There’s often confusion for award entry writers on the difference between a strategy and a tactic. The best way to describe the difference is a strategy refers to a direction or conceptualization of how to reach an objective, while tactics are the individual executable components used to reach that objective.

In the narrative, outline the strategies, how did you decide to divide and conquer. What were the key influences that led you to that direction?

The Drama is in the Challenge

Your project was probably really difficult, and there were probably obstacles along the way. The most memorable award entries are the ones that called out the tactical challenges they faced — whether budget, time, unforeseen events – and illustrate how they adapted to overcome the challenge. Judges care about the end results, equally important, it is what you did to get there – research, planning and execution, and what happened along the way. Sell the drama of your program.


Every line item in the evaluation should match a stated goal, objective, item of research and strategy. Just saying that you wanted media coverage and showing a bunch of clips isn’t enough. Analyzing reach, impressions and how the target audience reacted makes a convincing case. Show that the organization will receive a return on investment as a result of your program. There needs to be a direct correlation between what you wanted to accomplish and what you did accomplish.

Support Materials

Ensure support materials are comprehensive by going through research items that are mentioned in the two-page narrative are included in the support materials. If you call out an action or tactic in the summary, then there should be documentation in the binder. Too often the binders lack substance and need to be more than just a “clip book” of resulting coverage.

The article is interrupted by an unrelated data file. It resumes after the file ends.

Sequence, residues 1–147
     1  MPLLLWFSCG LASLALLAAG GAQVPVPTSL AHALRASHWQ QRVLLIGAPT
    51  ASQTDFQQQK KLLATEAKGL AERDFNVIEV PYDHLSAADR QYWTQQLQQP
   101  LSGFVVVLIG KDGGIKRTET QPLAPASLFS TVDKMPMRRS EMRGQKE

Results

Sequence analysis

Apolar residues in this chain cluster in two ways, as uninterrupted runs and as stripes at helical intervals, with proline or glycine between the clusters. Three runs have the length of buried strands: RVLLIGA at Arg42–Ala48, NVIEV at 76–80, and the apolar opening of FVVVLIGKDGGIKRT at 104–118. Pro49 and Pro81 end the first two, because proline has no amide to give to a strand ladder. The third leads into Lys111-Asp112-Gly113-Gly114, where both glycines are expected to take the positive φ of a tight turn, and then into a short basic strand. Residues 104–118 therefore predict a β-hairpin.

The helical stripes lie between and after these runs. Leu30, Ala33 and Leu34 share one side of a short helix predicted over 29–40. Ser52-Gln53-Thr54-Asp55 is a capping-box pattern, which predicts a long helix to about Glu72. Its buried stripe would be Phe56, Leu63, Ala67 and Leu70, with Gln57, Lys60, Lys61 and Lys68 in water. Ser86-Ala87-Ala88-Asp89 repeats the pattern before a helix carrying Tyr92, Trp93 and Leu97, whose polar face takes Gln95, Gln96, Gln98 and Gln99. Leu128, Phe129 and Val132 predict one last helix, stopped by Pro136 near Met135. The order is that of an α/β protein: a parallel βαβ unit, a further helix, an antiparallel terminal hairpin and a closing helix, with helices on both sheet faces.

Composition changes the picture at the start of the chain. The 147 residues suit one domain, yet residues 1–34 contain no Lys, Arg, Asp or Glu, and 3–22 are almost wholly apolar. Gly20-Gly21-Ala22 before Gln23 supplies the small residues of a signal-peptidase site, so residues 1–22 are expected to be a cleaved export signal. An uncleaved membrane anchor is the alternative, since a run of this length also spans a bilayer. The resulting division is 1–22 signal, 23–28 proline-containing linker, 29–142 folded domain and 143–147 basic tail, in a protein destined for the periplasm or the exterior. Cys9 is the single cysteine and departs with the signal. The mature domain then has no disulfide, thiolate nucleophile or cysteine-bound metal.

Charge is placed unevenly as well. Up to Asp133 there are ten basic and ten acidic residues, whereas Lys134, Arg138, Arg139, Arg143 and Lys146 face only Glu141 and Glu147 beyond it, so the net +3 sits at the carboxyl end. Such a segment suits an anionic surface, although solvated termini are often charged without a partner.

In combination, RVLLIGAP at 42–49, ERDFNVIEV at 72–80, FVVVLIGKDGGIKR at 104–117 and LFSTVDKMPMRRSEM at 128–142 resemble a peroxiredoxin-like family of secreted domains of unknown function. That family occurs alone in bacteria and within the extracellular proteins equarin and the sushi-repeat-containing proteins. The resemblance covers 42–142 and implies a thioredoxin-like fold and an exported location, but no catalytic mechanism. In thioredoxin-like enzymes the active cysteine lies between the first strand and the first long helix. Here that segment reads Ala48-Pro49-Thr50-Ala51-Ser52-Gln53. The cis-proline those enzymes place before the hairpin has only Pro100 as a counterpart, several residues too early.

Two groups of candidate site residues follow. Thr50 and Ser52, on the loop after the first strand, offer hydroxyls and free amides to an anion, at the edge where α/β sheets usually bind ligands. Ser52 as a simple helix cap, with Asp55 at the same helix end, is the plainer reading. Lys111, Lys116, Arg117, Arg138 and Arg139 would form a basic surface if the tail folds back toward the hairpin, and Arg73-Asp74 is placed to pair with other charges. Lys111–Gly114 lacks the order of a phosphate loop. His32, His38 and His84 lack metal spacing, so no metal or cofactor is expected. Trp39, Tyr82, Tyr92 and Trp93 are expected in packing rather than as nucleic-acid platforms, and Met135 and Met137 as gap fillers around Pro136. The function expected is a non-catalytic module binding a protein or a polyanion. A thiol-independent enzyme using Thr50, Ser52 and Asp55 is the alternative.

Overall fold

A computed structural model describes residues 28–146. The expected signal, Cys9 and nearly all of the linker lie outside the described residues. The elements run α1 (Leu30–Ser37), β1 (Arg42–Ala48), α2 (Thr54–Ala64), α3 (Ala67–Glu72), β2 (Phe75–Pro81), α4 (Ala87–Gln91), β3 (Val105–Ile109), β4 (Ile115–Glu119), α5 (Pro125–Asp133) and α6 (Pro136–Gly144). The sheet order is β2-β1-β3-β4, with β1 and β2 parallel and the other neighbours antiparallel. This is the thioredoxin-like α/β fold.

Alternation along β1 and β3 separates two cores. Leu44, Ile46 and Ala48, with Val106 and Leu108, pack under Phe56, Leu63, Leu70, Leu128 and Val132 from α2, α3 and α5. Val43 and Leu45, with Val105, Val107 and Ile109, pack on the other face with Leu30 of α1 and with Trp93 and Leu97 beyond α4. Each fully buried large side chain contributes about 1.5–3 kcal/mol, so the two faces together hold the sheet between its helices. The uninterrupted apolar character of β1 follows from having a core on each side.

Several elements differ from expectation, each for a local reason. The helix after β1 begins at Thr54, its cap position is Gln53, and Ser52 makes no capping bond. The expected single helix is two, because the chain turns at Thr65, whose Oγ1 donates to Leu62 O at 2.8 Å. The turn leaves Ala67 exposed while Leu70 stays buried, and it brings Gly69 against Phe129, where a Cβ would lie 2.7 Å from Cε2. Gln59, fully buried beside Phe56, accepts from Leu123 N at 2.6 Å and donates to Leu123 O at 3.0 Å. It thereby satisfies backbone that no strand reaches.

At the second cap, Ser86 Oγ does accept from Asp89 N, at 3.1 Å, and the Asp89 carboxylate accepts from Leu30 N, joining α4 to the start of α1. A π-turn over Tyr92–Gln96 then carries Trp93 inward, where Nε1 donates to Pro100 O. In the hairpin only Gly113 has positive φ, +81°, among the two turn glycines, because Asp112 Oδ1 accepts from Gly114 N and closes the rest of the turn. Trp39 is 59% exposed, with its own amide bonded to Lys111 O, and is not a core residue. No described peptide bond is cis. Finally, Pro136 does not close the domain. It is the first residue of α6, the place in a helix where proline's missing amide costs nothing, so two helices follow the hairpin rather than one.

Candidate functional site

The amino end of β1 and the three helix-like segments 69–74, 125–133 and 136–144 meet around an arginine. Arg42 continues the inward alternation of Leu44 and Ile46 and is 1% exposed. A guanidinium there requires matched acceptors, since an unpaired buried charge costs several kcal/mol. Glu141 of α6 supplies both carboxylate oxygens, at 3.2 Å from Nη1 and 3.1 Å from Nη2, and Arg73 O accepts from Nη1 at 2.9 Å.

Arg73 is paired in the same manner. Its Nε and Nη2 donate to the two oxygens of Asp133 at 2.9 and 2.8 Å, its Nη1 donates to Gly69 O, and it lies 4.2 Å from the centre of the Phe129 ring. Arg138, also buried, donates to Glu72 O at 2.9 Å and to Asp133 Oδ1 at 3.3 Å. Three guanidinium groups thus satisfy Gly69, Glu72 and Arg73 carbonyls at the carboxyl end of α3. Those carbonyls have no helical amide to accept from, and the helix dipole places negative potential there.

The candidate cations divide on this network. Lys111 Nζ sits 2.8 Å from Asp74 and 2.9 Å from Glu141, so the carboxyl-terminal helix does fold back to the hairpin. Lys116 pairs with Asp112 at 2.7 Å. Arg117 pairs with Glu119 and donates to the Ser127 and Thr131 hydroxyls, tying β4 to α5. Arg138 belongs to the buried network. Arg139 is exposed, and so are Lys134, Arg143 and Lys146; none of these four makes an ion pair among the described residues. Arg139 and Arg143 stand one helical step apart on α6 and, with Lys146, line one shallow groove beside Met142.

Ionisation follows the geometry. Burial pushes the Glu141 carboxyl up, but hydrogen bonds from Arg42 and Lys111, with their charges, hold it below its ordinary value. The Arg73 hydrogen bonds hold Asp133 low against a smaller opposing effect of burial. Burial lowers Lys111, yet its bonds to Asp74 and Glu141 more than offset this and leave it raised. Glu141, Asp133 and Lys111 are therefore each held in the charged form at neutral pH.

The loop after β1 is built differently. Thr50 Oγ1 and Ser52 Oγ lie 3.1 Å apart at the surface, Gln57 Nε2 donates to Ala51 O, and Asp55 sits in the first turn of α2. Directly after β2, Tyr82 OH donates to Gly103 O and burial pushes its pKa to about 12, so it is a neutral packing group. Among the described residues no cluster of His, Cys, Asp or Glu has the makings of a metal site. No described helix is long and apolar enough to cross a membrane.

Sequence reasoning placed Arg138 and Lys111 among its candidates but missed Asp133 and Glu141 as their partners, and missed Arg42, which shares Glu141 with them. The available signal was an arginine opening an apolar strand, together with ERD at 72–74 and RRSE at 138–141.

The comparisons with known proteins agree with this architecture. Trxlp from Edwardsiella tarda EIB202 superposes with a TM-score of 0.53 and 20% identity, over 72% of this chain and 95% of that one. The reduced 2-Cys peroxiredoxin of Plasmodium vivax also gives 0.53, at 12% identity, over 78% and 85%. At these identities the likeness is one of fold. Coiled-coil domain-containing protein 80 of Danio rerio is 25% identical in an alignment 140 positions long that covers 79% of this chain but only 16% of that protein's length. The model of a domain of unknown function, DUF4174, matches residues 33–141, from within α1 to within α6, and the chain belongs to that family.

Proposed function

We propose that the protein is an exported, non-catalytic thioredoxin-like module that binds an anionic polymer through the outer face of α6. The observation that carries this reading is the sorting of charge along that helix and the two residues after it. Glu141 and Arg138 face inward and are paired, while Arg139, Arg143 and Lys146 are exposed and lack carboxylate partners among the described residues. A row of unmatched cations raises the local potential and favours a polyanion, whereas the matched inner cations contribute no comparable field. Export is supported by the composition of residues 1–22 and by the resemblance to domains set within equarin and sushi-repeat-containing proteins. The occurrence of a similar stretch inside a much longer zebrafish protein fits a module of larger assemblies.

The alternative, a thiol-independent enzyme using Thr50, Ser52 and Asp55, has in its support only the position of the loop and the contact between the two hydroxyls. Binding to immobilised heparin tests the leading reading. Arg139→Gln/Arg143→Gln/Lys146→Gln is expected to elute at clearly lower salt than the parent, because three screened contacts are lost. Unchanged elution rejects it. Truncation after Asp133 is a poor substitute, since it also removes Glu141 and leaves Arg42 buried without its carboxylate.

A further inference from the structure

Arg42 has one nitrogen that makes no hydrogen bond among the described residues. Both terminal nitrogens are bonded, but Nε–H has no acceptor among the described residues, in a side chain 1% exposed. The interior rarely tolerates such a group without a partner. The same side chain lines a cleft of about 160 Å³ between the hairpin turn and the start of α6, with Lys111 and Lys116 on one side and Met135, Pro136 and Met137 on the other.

Items to include:

  • Primary Research
    • Survey Results
    • Qualitative and Quantitative Data
    • Analysis of Results
    • Budget
    • Creative concepts
      • Diagrams
      • Wireframes
      • Photos/video/audio clips
      • Key quotes

PRSA East Central District Diamond Awards Due Date Approaching

The East Central District of PRSA will hold their 34th annual Diamond Awards soon, and the deadline for submissions is September 19, 2011 (with a late deadline of September 26). More information is available here:

Six Tips to Craft a Winning Awards Entry

So, you want to write a winning awards entry but are not sure where to start. Don’t worry. You’re not alone. Many pr professionals struggle to boil down their efforts into a concise, thorough summary with supporting documents.

With East Central District’s Diamond Awards season upon us, read these six tips to crafting a winning awards entry before you even hit “save as” on your summary Word doc.

1. Think Metrics